One of Cronin's classes is a psychology course, The Brain: A User's Guide, taught by Barry Jacobs, director of the Program in Neuroscience and an expert on hallucinogenic drugs. "He's wonderful," said Cronin. One of the videos shown in precepts featured an expert in Parkinson's disease who was a good friend of Cronin's in Montreal. Reinier Leushuis, a Dutch graduate student instructor, teaches the small French class he's taking. "He gives us texts from Voltaire to Sartre," Pat said. The class is taught entirely in French, easy for Pat who took French at Princeton, spent years in bilingual Montreal, and lives in French-speaking Montreux. His third course, about the history of medicine in the West, is taught by Gerald Geison.

Things are different the third time around. Cronin says that, when he first attended Princeton, "precepts had only five or six people in them," he said. Today, he says, the precepts may have twice that number of students, and reading assignments are heavy, 200 pages a week for each course. He finds himself working until midnight most nights.

He stays in touch with his wife with daily e-mails and frequent phone calls. The Cronins have a small apartment in Naples, Florida, and they planned to fly there for fall break.

-Ann Waldron

To bead or not to bead

Zoe Metro (Heather Aponick '91) designs accessories for the Crystal Age

By now chances are you've seen powerbead bracelets because you can't miss them. The fashion hit of the season, they (and their imitators) seem to be sold everywhere, from high-end boutiques to mall kiosks, and people are buying them like crazy. The bracelets of semiprecious stones appeal to both genders and to multiple generations because of the promises they make: Health. Wealth. Love. Harmony. Strength. PMS relief. Who wouldn't want it all?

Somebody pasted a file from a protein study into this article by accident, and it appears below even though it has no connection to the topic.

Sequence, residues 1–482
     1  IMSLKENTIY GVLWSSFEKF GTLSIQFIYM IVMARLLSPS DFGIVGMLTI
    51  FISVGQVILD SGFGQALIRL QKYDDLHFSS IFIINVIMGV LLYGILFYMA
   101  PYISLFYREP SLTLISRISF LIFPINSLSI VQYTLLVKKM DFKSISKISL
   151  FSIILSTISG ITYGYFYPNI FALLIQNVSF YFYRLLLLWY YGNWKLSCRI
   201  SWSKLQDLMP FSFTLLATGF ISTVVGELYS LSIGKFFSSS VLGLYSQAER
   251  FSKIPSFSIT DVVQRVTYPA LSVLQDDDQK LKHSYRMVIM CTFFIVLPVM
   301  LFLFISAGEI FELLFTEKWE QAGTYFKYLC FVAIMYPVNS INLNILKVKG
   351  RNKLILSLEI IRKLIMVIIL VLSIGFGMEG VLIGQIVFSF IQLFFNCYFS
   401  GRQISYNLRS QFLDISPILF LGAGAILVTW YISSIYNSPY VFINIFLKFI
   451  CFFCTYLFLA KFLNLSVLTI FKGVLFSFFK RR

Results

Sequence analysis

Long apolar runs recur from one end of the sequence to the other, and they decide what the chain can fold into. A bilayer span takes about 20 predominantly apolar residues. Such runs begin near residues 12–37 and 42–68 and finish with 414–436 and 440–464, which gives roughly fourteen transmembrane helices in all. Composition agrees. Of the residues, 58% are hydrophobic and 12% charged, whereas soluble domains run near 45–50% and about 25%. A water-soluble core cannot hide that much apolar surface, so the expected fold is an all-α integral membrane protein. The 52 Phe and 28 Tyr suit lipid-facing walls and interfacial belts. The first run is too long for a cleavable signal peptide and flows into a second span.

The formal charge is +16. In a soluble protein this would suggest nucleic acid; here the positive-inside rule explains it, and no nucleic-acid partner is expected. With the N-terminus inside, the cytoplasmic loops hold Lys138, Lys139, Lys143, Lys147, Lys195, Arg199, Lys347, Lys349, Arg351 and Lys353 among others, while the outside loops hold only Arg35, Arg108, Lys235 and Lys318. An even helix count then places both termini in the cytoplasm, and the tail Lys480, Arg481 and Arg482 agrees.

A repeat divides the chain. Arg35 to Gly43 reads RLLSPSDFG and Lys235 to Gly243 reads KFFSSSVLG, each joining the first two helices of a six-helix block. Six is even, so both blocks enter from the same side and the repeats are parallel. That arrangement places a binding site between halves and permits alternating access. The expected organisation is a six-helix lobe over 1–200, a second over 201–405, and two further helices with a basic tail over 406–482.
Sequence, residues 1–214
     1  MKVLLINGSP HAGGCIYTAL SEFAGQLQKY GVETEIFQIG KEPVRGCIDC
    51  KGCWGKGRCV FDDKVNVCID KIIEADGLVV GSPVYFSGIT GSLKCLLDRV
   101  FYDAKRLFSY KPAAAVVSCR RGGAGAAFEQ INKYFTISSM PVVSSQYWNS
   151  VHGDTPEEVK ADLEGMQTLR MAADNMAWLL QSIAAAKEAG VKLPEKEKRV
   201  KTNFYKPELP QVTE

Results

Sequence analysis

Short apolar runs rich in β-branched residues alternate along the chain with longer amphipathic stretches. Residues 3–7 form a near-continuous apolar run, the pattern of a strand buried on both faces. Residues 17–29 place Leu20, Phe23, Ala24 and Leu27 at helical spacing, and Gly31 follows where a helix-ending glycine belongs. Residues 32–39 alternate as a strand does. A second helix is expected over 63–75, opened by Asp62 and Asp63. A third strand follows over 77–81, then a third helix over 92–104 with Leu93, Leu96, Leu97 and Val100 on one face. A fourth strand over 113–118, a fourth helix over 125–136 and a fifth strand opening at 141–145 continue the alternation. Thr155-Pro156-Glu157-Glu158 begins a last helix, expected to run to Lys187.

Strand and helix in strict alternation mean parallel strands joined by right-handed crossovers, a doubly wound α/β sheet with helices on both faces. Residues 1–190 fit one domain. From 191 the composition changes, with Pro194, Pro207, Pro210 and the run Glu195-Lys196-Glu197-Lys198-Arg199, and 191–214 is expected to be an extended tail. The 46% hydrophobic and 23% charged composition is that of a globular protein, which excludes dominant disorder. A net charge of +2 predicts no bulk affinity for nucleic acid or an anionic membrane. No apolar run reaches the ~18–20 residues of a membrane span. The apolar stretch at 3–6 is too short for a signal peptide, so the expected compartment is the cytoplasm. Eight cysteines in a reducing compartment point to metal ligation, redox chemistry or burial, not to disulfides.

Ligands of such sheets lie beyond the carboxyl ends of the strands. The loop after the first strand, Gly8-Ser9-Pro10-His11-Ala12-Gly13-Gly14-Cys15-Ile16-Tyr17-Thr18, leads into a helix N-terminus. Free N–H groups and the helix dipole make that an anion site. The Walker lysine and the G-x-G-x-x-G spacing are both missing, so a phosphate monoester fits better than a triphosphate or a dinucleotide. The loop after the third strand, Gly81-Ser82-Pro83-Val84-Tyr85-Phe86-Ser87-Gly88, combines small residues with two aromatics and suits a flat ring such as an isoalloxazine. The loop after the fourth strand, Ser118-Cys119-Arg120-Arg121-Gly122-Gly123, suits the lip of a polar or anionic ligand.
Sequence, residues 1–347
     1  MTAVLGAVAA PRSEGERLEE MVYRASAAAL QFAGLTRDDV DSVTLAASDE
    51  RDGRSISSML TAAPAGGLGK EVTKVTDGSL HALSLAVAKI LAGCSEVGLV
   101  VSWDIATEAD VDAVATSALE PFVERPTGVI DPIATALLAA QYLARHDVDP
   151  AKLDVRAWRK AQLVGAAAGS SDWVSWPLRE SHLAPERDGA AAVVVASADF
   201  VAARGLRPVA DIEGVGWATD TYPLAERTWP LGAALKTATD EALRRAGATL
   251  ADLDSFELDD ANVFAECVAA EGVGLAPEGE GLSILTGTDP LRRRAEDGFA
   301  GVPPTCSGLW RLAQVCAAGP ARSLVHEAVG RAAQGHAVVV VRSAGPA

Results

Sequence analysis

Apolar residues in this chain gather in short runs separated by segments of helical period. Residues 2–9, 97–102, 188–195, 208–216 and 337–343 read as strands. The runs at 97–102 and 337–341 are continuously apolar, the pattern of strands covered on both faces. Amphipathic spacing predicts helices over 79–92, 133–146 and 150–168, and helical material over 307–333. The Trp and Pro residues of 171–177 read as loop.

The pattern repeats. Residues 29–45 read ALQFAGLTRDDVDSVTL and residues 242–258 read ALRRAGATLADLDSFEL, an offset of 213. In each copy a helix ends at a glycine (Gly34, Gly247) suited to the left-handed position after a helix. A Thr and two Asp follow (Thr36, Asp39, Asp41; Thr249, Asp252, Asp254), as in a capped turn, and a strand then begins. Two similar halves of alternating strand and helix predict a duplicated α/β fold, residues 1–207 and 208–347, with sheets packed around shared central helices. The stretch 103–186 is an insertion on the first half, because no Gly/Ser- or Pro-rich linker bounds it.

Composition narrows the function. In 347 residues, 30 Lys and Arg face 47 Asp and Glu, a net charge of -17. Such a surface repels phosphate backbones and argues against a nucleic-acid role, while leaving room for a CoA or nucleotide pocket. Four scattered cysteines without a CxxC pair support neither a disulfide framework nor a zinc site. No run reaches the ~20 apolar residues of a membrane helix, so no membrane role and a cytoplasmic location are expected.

These and many other enticing spiritual and material attributes can be yours for about $25 per promise, courtesy of the healing energies inherent in the bracelets, which are designed and manufactured by Zoe Metro (the Princeton graduate formerly known as Heather Aponick '91). Metro's powerbead bracelets are made of stones such as turquoise (health) and tiger's-eye (creativity). To date, powerbeads have adorned the wrists and augmented the psyches of such trendsetters as Madonna, Natalie Portman, and Ricky Martin, according to substantial media coverage garnered in national publications.

Still a doubter? Metro wore a bracelet of aventurine (success) after her previous design business, the eponymous Zoe Metro, went bust last November, due to an unfortunate choice of business partners. [Metro plans to launch a new jewelry line in May 2010, having married and given birth to a son, Jed.] Within six weeks she was up and running again, with the Manhattan-based company Stella Pace (Italian for "star of peace"). Then there's the month she wore mother-of-pearl (money) and sales doubled. "I couldn't go a day without them," says Metro, who at the time of this interview was sporting the millennium powerbead for good luck teamed with the Feng Shui serenity beads.